Premier League football clubs should do more to help tackle gambling addiction, the head of NHS England has said.
Simon Stevens described gambling addiction as one of the "new threats" facing the NHS and said reports that foreign betting companies weren't "co-funding help" for addicts were "deeply concerning".
Independent charity, Gamble Aware, said the relationship between sport and gambling had "reached a tipping point".
The Premier League declined to comment.
Mr Stevens said the NHS would be contacting the Premier League to ensure companies that sponsor top clubs "do the right thing".
Nine Premier League teams are sponsored by betting companies.
'Failing to play their part'
An estimated 430,000 people in the UK have a gambling problem.
Betting companies who profit from the industry in Britain have been encouraged to donate money to the charity Gamble Aware, with a total target of £10m a year to help to treat addicts.
However, a number of foreign gambling companies that sponsor Premier League clubs have not donated this financial year, The Sunday Times reported in July.
These included Fun88 (Newcastle) and SportPesa (Everton).
Speaking at the Health and Care Innovation Expo in Manchester, Mr Stevens said: "There is an increasing link between problem gambling and stress, depression and other mental health problems.
"Doctors report that two thirds of problem gamblers get worse without help and the NHS does offer specialist treatment.
"But reports that foreign gambling companies are failing to play their part in co-funding help for addicts are deeply concerning.
"Taxpayers and the NHS should not be left to pick up the pieces - the health of the nation is everyone's responsibility.
"The NHS will now work with the Premier League on how we persuade these foreign gambling companies to do the right thing."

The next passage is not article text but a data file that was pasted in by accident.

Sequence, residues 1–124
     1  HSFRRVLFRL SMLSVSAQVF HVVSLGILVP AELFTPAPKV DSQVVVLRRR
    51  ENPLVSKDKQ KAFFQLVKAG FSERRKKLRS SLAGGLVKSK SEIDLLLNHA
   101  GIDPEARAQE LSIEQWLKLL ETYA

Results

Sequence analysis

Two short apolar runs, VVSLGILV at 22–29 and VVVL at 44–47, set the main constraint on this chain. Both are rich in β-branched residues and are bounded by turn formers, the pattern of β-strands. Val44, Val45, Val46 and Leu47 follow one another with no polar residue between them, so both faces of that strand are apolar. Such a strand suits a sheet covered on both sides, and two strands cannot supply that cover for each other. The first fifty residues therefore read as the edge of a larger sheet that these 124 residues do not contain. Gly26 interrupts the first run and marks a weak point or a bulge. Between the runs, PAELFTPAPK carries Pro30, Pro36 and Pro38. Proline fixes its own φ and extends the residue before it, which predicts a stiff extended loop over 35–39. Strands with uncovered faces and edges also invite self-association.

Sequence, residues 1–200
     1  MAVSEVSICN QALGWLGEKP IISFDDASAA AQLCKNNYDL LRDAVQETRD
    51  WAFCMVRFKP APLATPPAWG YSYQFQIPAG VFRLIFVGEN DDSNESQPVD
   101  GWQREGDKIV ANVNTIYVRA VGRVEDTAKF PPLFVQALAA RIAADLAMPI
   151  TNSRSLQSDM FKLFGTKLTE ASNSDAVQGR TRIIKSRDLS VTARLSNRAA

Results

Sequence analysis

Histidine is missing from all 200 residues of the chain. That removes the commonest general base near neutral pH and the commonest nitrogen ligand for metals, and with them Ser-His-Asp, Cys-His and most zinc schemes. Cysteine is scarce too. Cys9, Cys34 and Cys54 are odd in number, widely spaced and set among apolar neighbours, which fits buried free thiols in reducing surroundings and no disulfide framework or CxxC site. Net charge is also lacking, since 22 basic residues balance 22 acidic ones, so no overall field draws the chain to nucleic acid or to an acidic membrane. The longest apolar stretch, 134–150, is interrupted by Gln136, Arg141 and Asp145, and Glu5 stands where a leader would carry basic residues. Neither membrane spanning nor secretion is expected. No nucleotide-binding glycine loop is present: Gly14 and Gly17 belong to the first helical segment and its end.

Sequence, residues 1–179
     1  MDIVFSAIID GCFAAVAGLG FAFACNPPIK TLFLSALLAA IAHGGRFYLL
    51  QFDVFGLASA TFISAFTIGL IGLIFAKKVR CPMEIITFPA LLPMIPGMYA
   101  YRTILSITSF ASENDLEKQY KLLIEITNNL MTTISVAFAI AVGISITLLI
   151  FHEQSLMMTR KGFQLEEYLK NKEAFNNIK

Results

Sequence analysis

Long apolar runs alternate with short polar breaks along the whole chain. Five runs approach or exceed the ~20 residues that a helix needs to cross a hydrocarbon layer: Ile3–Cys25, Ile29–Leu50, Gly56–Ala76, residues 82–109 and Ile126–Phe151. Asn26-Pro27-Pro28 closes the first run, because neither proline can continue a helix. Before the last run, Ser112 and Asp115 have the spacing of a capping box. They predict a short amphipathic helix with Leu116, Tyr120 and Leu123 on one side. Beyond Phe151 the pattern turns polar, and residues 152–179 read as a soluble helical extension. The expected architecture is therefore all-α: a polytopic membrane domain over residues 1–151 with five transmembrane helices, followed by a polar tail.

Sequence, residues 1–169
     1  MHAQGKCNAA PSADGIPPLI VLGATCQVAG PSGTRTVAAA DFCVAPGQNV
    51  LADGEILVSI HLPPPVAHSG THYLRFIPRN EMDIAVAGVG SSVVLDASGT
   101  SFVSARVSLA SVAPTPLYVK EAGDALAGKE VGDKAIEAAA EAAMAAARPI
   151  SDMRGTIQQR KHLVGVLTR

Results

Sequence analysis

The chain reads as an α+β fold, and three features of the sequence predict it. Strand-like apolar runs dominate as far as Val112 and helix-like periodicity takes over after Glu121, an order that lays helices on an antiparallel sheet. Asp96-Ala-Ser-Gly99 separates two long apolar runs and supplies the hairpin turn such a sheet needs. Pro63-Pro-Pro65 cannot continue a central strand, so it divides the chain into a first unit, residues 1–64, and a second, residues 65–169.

This season, ManBetX - an online betting site in Malta - is the official shirt sponsor of Crystal Palace, while Phillipines-based Dafabet is Fulham's official team sponsor.
Mr Stevens said the NHS needs to get "more serious about aspects of prevention in public health, including what you might call 'the new public health"'.
Around 370,000 11 to 16-year-olds spent money on gambling in the course of one week in England, Scotland and Wales, according to a report published by the Gambling Commission last year.
The regulator estimated that 25,000 of them were problem gamblers.
A spokeswoman for Gamble Aware said it welcomed the speech by Mr Stevens.
"With nearly half the clubs in the Premier League, and over two thirds of the Championship League sponsored by gambling companies, we are seriously concerned the relationship between sport and gambling has reached a tipping point.
"We would like to see all clubs, leagues, and broadcasters who profit from gambling work with us to help fund treatment for this hidden addiction."
Dr Henrietta Bowden-Jones, spokesman for the Royal College of Psychiatrists, said: "We certainly want gambling companies to do more to help people with gambling problems.
"The fact is addiction is a severe mental illness and, while some pioneering services like the National Problem Gambling Clinic have been set up, generally addiction services in this country have been stripped to the bare bones.
She added: "We urgently need to find ways for people with gambling and substance use disorders to get access to high-quality treatment."